Penn Medicine: Orphan Disease Center Partners with Foundation to Study Gene Therapy Approaches to Treat Angelman Syndrome
Penn Medicine’s Orphan Disease Center (ODC) announces a new partnership with the Foundation for Angelman Syndrome Therapeutics or FAST to study gene therapy approaches to treat Angelman syndrome (AS). FAST will provide funding to establish a gene-therapy research program led by ODC.
Angelman syndrome is a rare neurological disorder that affects about one in 15,000 people, totaling about 490,000 worldwide. Individuals with AS have balance issues, motor impairment and seizures, among other symptoms. Typical characteristics are not usually evident at birth, and people with the disorder develop feeding difficulties as infants and delayed development at about six to 12 months. In most cases, AS is not inherited and is often misdiagnosed as autism or cerebral palsy.
“The Orphan Disease Center is delighted to launch a new collaboration with FAST on the development of gene therapy for Angelman syndrome,” said ODC Director James Wilson, who is also a professor of Medicine and Pediatrics in the Perelman School of Medicine at the University of Pennsylvania. “Combining ODC’s experience in novel therapeutics with the tremendous progress made by FAST and its families, caregivers and scientists has set the stage for an aggressive and exciting research plan.”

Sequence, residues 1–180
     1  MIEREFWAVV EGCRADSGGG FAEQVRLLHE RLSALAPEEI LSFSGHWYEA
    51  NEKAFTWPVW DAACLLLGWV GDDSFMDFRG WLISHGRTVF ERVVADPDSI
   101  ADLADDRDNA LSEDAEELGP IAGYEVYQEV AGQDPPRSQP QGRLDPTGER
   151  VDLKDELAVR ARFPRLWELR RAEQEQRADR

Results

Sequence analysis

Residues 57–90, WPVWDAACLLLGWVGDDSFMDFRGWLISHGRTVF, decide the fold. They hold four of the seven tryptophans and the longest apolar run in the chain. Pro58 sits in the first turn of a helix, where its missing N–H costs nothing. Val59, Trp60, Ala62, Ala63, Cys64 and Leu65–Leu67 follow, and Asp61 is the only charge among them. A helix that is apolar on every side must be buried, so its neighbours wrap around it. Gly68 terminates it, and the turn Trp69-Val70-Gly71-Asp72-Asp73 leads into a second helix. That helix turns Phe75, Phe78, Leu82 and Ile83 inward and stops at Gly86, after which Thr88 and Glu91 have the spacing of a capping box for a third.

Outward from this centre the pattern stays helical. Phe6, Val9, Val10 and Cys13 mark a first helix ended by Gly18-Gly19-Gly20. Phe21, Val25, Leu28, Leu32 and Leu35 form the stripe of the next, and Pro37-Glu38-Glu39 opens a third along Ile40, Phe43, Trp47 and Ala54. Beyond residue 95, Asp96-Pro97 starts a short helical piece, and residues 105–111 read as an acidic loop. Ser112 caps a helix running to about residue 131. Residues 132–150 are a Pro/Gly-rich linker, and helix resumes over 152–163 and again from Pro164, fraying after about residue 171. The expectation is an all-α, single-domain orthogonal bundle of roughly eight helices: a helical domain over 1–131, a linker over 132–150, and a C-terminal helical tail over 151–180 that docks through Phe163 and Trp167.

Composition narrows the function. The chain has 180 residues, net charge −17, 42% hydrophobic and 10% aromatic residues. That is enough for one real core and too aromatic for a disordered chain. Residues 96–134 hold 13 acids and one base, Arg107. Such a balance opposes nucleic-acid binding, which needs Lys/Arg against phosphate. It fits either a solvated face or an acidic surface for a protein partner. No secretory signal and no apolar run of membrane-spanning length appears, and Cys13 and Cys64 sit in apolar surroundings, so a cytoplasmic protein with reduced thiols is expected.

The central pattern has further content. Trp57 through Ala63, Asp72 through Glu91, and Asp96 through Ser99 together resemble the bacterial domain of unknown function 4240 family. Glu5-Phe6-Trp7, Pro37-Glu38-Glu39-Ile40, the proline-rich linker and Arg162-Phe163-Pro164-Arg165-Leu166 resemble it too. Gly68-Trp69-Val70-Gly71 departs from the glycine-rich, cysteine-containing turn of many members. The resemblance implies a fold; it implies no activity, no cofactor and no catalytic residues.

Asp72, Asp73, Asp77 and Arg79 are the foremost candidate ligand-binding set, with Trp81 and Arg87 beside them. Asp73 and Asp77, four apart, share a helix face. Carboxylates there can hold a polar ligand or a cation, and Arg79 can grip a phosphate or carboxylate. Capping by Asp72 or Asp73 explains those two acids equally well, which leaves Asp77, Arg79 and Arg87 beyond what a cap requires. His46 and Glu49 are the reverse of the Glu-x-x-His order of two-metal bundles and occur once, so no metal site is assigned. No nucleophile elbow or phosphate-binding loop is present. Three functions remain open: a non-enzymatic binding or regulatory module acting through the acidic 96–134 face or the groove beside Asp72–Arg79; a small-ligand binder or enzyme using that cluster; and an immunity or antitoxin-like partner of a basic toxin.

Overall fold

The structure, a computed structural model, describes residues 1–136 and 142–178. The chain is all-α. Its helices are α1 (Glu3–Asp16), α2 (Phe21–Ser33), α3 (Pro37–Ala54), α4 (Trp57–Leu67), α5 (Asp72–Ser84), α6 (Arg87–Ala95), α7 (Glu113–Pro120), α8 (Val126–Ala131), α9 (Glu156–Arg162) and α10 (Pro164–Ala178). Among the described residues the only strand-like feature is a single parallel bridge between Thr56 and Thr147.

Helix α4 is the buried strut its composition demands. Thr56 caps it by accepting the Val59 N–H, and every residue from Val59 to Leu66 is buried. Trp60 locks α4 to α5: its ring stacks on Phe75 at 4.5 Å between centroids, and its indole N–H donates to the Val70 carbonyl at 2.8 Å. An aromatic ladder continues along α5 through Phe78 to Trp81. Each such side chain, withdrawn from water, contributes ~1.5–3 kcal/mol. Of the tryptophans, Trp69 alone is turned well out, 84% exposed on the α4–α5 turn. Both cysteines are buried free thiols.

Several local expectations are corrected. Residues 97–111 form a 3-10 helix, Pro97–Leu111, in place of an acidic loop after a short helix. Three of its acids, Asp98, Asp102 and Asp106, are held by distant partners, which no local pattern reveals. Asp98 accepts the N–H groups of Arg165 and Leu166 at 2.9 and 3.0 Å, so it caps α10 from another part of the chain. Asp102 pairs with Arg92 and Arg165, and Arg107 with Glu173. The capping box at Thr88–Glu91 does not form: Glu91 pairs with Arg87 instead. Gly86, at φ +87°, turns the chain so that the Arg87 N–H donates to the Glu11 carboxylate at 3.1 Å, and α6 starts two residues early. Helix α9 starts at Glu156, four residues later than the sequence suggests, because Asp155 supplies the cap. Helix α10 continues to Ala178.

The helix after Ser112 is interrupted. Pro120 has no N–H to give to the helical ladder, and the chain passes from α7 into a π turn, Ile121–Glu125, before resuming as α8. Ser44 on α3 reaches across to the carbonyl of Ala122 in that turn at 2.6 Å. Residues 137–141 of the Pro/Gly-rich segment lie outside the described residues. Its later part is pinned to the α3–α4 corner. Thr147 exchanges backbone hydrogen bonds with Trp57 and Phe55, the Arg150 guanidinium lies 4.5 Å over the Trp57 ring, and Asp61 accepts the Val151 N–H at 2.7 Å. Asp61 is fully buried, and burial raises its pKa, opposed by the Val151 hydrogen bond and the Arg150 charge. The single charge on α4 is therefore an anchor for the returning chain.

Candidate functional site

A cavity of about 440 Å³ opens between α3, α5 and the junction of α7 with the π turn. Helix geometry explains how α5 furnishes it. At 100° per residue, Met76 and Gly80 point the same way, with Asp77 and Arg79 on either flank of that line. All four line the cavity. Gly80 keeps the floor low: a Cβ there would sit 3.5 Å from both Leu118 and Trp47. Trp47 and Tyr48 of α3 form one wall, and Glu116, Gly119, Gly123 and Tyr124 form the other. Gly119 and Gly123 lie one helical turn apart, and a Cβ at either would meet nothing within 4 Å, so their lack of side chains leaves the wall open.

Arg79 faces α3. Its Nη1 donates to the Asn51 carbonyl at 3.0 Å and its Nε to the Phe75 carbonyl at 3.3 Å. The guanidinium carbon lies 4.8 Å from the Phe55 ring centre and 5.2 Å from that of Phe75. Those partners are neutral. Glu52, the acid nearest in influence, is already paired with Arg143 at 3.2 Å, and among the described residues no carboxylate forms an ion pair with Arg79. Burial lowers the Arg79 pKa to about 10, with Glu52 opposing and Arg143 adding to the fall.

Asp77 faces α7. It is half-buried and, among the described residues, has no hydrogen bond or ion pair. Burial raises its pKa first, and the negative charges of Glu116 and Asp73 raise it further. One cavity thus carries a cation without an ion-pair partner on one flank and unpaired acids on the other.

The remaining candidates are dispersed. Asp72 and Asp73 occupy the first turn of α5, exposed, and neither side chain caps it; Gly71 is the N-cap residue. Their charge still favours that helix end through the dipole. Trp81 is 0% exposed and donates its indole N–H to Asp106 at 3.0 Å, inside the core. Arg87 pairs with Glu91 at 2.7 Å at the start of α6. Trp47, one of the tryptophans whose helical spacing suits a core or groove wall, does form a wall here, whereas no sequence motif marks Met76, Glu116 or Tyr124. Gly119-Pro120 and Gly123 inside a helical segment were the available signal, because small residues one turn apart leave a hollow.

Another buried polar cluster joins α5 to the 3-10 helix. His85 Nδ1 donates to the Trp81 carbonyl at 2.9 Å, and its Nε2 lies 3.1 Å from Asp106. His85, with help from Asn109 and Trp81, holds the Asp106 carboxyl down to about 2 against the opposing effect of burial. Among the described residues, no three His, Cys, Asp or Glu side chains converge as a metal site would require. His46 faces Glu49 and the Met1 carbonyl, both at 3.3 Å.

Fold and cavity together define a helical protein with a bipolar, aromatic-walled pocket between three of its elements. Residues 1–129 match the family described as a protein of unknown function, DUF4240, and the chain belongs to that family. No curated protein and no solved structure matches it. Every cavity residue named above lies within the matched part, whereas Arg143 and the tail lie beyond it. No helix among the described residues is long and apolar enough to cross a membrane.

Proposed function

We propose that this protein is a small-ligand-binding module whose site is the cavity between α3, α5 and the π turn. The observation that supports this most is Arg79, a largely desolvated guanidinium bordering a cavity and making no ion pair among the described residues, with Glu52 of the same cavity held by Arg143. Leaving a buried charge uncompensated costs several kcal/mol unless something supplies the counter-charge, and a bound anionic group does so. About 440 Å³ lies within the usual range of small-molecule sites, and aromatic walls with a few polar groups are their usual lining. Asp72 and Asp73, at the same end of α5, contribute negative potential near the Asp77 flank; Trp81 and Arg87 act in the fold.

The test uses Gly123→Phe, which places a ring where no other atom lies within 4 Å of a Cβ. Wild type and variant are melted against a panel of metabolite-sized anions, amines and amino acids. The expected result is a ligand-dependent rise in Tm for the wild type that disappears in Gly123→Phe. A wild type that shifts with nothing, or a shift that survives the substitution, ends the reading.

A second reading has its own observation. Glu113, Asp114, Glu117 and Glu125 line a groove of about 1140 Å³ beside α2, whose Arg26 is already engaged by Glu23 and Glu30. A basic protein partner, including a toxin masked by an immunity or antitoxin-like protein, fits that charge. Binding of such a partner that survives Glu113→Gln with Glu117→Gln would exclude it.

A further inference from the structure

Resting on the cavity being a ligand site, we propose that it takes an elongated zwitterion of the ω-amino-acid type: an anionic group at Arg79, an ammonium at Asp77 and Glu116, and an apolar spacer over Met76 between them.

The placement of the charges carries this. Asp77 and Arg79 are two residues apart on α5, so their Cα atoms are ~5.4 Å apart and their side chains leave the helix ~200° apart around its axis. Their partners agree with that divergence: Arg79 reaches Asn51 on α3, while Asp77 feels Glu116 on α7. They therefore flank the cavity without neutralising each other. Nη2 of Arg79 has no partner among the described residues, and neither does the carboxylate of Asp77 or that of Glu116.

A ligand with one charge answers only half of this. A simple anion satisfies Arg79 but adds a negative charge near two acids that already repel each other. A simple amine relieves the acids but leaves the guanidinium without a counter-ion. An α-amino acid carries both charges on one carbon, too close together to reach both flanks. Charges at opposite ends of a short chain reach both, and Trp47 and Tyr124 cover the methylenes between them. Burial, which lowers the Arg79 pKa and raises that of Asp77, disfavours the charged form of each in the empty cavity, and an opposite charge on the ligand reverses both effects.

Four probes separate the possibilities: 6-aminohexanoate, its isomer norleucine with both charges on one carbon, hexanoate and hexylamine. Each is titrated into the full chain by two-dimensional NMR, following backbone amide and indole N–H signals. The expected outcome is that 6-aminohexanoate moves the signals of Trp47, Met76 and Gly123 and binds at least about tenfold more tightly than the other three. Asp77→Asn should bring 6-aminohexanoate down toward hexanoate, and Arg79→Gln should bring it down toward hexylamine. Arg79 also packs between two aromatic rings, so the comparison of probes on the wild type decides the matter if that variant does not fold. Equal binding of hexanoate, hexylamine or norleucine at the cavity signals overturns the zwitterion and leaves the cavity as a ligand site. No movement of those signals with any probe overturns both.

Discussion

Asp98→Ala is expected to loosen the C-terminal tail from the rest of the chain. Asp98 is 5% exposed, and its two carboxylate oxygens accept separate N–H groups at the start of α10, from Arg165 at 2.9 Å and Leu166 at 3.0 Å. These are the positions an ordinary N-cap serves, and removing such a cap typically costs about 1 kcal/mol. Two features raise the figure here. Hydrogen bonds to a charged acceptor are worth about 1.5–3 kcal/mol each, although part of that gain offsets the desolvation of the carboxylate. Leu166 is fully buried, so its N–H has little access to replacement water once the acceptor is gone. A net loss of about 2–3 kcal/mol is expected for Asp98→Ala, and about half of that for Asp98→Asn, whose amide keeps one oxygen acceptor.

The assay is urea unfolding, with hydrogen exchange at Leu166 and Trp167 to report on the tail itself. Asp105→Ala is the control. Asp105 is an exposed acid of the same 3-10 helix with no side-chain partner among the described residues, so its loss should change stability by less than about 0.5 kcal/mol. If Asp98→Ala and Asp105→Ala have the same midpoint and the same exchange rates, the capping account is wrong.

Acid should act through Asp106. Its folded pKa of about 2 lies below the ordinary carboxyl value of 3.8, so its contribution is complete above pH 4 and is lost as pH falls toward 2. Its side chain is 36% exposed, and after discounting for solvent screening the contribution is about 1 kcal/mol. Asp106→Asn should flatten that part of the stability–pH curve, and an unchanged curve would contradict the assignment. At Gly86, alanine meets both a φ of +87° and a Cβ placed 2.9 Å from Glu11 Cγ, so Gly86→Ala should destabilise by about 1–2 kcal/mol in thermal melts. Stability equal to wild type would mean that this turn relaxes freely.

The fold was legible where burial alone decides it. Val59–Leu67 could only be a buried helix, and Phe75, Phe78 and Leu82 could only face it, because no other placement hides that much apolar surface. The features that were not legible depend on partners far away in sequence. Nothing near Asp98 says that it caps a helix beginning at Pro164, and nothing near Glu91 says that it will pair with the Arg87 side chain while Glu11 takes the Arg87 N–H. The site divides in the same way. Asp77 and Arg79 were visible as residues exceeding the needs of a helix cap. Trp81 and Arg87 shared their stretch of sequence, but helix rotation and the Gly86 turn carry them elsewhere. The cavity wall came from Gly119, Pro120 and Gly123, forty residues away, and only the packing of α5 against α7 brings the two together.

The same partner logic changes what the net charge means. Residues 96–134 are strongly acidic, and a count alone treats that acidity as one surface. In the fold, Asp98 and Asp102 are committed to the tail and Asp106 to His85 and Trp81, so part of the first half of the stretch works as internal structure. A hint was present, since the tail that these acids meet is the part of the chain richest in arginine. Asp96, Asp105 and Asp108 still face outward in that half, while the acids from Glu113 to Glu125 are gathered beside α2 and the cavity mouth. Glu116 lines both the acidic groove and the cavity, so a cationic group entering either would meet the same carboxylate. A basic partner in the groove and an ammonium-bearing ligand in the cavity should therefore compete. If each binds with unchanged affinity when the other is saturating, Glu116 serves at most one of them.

Since its inception, ODC has aligned its mission to address the unmet needs of the rare disease community. ODC focuses on making rare-disease research a priority and is committed to ensuring that the best science is accessible to the global community and to patients across all populations.
Currently, there are no treatments for AS, which is caused by mutations in the UBE3A gene and the loss of UBE3A protein expression. In the brain, UBE3A is primarily expressed by the maternal copy of the gene through a biological process known as paternal imprinting. UBE3A is an enzyme that targets proteins for removal from the cell, although it is not known how the loss of UBE3A in the brain leads to AS. Developing a gene therapy for AS will focus on replacing this gene in children who are lacking a functional copy.
“We are excited to launch a new effort in Angelman syndrome in collaboration with the Angelman community and FAST,” said Ashley Winslow, ODC senior director. “Advancements in the understanding of AS make therapeutic approaches like gene therapy a natural fit for treating Angelman syndrome.”
“All of the board members of FAST are parents who are working toward breakthrough treatments for our children,” said FAST chief scientific officer Allyson Berent. “In making a commitment to develop an AS-specific gene therapeutic, Dr. Wilson and his research team further confirm our belief that Angelman syndrome is a curable disorder. To have an accomplished visionary researcher developing a potential gene therapy treatment for AS indicates we are closer than ever to this ultimate goal. Dr. Wilson and the team at Penn have such a successful track record in the field of gene therapy, and we are beyond enthusiastic that, for our children, the time is now.”
The Orphan Disease Center is expanding its emphasis on neurodevelopmental disorders such as AS, and through this effort hopes to leverage expertise across closely related disorders to accelerate therapeutic development.
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